The main service on Sunday is the 10am Parish Mass. This is a Common Worship service celebrated with catholic ceremonial including vestments, bells, incense and a team of servers. There is a large choir led by a Director of Music. On the first Sunday of the month the service is accompanied by the junior choir and has a more informal feel to it.
The other Sunday service is Evening Prayer at 6pm. This always follows the Book of Common Prayer. On the first two Sundays of the month the service is held jointly with our neighbouring parish, All Saints’. On the first Sunday of the month this is a full Choral Evensong held at St Mary’s. On the second Sunday we join All Saints’ for a Sung Evensong. On the other Sundays the service is said.
At present there is only one regular weekday Mass, held on Tuesday morning. For services on weekdays, festivals and Holy Days, see the weekly Bulletin.
Visitors to St Mary’s will notice an ancient stairway in the north east corner of the nave. It appears to lead no-where. What was its purpose? In the middle ages, this stairway would have led to a rood loft which ran across the chancel arch. On this loft, monks would have watched the sanctuary, keeping it safe throughout the night and offering prayers as they did so. The name “rood loft” however, comes from the figures which would have sat on the loft, looking west down the nave. These consisted of Christ on the cross, the cross usually being flanked by St Mary and St John; His mother and the “beloved disciple”. The word “rood” itself is the Anglo-Saxon word for cross.
St Mary’s rood loft was, along with most others in England, destroyed at the reformation. Rood figures, however, were re-instated on the wall over the chancel arch in the late twentieth century. These fine figures came from the church of St Andrew, Plaistow in the London Borough of Newham. They were made by James Brooks between 1867 and 1870 and coloured by Randal Wells in the 1930s. When St Andrew’s was declared redundant in 1977, the figures were brought to St Mary’s. Placed high on the simple walls of St Mary’s, they are a powerful reminder of Christ’s love for us. As he uttered his last words, he thought not of his own sufferings but of those whom he loved. “Woman behold thy Son. Behold thy mother.” (John 19, 26-27)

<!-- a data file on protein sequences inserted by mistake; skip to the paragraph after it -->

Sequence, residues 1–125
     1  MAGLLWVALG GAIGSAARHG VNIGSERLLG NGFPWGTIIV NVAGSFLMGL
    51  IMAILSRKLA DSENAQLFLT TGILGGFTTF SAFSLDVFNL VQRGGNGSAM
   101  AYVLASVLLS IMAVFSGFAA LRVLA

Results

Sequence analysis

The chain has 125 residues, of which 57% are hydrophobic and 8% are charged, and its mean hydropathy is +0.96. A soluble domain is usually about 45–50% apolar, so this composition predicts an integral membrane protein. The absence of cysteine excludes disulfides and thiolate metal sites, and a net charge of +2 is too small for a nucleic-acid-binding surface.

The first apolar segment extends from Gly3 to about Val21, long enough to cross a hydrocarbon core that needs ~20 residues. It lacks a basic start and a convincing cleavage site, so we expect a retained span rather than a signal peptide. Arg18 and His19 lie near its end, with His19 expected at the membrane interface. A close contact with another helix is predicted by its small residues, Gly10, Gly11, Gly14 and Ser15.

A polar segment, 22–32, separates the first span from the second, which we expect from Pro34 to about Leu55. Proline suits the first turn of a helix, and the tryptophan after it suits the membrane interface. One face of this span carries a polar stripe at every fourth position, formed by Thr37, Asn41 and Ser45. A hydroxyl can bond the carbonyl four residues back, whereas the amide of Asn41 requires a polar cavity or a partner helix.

The Dream of the Rood
The Dream of the Rood is one of the oldest Anglo-Saxon poems, found in the tenth century Vercelli Book, although it is probably much earlier and possibly the oldest English poem known. It is the story of someone dreaming that he has a conversation with the wood (the rood) which became Christ’s Cross. Perhaps you will recall these words as you look at our beautiful figures.
Rood was I reared. I lifted a mighty King,
Lord of the heavens, dared not to bend.
With dark nails they drove me through:
on me those sores are seen,
I dared not scathe anyone.
They mocked us both, we two together.
All wet with blood I was,
poured out from that Man's side, after ghost he gave up.